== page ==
Ex-NBA player Jontay Porter to face felony charges in sports betting gambling scandal: court filings

NEW YORK — Federal prosecutors have publicly signaled they’ll criminally charge former Toronto Raptors forward Jontay Porter in the sports gambling scandal that got him banned from the NBA for life.

Porter, 24, appeared on a Brooklyn Federal Court docket Wednesday, marking the first time he has been publicly named in court documents in connection with the alleged game-rigging conspiracy.

Court filings indicate that federal prosecutors are seeking felony charges against the former NBA player in connection with the conspiracy to commit wire fraud case brought against four gamblers last month.

They expect to charge him through an “information” document instead of an indictment, which typically happens when a suspect plans to plead guilty to the charges at the case’s onset.

The four gamblers — Long Phi Pham, Mahmud Mollah, Timothy McCormack and Ammar Awawdeh — got advance word from a hoops player that he planned to leave two NBA games early, one on Jan. 26, the other on March 20, according to federal prosecutors.

Although court filings in their case referred to the hoopster only as “Player 1,” the details described in a criminal complaint match up to Porter, who was hit with a lifetime ban from the NBA in April.

The betting ring members are accused of leveraging the player’s gambling debts to get him to leave the games for medical reasons after a few minutes.

Awawdeh broached the idea of clearing his debts by convincing him to withdraw from the games early so “under prop bets” on his performance paid out, according to the feds.

He agreed, responding to a Telegram message from Awawdeh with the text, “If I don’t do a special with your terms. Then it’s up. And u hate me and if I don’t get u 8k by Friday you’re coming to Toronto to beat me up,” according to a criminal complaint.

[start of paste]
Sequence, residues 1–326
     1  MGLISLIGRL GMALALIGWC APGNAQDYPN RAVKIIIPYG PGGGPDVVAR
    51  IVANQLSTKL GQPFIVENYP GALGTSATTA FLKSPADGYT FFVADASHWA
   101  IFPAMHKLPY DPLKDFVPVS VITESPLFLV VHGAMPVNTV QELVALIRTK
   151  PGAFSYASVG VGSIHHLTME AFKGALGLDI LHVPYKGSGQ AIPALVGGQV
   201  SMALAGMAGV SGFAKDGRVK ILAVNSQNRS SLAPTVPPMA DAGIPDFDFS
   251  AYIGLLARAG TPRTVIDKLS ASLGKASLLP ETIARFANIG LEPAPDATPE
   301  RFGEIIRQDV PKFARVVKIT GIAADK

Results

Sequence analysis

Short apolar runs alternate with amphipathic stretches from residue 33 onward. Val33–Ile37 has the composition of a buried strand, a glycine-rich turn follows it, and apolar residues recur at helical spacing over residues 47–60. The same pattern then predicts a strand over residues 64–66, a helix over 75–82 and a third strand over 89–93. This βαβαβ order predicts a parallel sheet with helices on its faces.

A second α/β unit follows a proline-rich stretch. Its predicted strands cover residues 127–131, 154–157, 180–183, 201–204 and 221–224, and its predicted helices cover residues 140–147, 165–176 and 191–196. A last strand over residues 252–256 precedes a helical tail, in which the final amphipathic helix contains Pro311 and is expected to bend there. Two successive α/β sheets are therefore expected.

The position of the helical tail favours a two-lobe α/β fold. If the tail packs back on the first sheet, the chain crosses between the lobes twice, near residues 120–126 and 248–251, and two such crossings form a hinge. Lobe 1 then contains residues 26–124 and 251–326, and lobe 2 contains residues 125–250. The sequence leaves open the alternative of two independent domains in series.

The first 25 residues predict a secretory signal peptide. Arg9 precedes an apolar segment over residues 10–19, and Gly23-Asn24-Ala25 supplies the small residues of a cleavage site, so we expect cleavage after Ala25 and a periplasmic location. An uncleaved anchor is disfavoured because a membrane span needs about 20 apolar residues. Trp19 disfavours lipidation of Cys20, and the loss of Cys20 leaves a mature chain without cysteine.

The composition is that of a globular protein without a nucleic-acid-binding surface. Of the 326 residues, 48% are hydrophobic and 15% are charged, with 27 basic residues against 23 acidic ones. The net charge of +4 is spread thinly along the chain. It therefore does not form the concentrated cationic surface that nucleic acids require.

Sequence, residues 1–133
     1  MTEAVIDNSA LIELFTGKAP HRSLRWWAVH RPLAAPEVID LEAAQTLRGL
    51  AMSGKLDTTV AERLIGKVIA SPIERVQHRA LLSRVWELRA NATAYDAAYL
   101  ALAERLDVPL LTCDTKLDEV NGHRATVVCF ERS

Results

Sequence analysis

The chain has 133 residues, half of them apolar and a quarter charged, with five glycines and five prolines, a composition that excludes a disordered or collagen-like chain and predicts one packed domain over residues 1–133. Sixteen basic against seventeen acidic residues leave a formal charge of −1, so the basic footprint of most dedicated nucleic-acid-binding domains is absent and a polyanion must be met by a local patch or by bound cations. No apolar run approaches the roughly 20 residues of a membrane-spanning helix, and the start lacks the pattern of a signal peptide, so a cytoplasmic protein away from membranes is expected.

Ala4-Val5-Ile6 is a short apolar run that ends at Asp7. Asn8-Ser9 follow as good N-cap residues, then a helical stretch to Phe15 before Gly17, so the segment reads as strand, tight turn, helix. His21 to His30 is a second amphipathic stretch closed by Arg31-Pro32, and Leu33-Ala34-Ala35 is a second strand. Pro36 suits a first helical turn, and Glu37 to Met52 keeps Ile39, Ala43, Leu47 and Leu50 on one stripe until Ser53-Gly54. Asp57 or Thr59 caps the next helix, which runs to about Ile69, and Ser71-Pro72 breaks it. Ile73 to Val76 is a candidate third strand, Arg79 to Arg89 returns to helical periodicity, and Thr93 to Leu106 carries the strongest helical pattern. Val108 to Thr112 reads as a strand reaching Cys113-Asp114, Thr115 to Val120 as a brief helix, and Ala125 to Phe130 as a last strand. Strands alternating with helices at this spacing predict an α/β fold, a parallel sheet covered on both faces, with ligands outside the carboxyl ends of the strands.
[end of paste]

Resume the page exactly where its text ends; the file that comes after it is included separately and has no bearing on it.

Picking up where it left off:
The gamblers were poised to make bank in the March 20 game, since just a few days earlier, the player had one of his best games of the season, playing 20 minutes with seven rebounds.

Mollah went big with his wagers, placing more than $100,000 in a series of bets that paid out more than $1.2 million, the feds said.

The online betting company he used flagged those wagers as suspicious before he could collect most of the winnings, though, and suspended his account.

The NBA opened an investigation into Porter after the March 20 game, and on April 4, the player told the suspects in a group message they “might just get hit w a rico,” according to court filings.

The NBA concluded that he “violated league rules by disclosing confidential information to sports bettors, limiting his own participation in one or more games for betting purposes, and betting on NBA games,” the league said in an April 17 statement.

In a statement given to The Associated Press last month, Porter’s lawyer Jeff Jensen, said, “Jontay is a good young man with strong faith that will get him through this. He was in over his head due to a gambling addiction. He is undergoing treatment and has been fully cooperative with law enforcement.”

Jensen did not return messages seeking comment Wednesday.